Sympathy For Bin Laden?

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"Sympathy For Bin Laden?"

For its latest issue, GQ commissioned Matt Fraction, Nathan Fox, and Jeremy Cox to do a comic about the American raid that killed Osama bin Laden this spring. As an extremely truncated encapsulation of a moment, I’m not exceptionally compelled by it. The most compelling thing about it is probably the decision to tell some of the story from bin Laden’s perspective.

We’ve got a lot of popular culture that’s about trying to get us to understand the roots of terrorism and the motivations of individual terrorists. Aileen and Brody on Homeland are both motivated by compassion, an openness to the world that makes them hugely vulnerable to trauma and suggestion. The members of the titular collective on Sleeper Cell have been spurred to extremism by everything from war in Bosnia, to alienation from American bourgeois hypocrisy, to parents who are pressuring them to get married despite the fact that they’re gay. We can’t produce a world full of shiny, happy people, but I can see the appeal in trying to find policy paths and to create an environment that will make people less likely to turn to terrorism in the first place, rather than resorting to convincing ourselves that war is the only answer in the aftermath of the attack.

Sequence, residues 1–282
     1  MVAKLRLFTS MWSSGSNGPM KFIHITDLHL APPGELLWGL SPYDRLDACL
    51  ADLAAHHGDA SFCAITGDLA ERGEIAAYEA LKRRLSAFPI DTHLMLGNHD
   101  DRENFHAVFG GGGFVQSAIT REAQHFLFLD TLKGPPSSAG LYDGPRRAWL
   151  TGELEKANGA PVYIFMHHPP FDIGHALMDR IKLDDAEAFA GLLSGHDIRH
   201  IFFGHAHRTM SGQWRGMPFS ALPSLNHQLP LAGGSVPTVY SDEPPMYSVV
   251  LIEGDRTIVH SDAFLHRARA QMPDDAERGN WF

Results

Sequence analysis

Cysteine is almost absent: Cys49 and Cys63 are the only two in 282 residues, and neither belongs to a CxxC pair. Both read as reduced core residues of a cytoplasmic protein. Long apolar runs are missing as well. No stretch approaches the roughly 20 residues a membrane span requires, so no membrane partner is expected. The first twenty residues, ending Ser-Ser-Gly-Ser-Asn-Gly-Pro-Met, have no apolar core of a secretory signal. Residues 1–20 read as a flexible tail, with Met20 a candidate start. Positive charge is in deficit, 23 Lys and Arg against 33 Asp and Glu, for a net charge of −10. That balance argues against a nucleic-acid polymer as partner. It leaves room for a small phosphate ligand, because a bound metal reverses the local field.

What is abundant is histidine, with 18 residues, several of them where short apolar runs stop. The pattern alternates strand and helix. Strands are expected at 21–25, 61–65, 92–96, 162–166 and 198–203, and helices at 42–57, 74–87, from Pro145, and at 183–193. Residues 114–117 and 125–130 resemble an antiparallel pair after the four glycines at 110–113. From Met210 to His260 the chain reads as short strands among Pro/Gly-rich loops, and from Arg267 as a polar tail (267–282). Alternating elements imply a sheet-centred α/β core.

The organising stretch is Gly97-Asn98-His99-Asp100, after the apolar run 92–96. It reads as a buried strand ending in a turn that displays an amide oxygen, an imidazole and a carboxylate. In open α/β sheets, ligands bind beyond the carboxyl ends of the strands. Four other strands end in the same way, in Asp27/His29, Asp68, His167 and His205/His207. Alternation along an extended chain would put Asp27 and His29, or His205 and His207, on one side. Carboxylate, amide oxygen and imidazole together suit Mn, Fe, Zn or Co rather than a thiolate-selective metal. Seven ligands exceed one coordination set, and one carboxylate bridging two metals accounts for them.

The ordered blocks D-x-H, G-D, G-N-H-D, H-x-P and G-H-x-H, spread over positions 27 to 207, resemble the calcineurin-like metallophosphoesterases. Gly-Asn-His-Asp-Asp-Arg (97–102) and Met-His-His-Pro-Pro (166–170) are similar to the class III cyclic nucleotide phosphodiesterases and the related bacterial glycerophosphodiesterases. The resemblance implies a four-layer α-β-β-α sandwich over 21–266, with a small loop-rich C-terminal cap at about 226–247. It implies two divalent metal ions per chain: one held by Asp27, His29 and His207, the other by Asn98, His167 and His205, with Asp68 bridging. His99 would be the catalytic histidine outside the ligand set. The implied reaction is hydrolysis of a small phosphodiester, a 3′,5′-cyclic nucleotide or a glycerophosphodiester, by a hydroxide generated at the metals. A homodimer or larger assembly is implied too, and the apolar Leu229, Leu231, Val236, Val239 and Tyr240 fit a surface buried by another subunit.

But it’s sort of hard to find the source of Osama bin Laden’s murderous megalomania in personal trauma or policy. And even if we could, I’m not sure most of us really want to. It’s easier to see him as an unsalvageable other after the things he orchestrated and the damage he lured us into doing to ourselves. Of course, it’s those kinds of tensions that have the potential to produce interesting—if painful and revelatory—art. I’d actually like to see a longer version of this story that parallels the team that killed bin Laden and the team that surrounded him, that contrasts the stringent preparation for the raid with the relaxation of security around the world’s most wanted man. Did bin Laden believe he couldn’t be caught or killed, that he never would be? Or had he accepted it as inevitable? And which reaction would make more sense to us? Would we prefer to believe he was defiant and delusional to the end? Or would we like to see him repentant and resigned? I don’t really expect that any of the flood of bin Laden death movies coming over the transom to our theaters will spend time in this space. But I’m suddenly curious to see what it would look like if one did.

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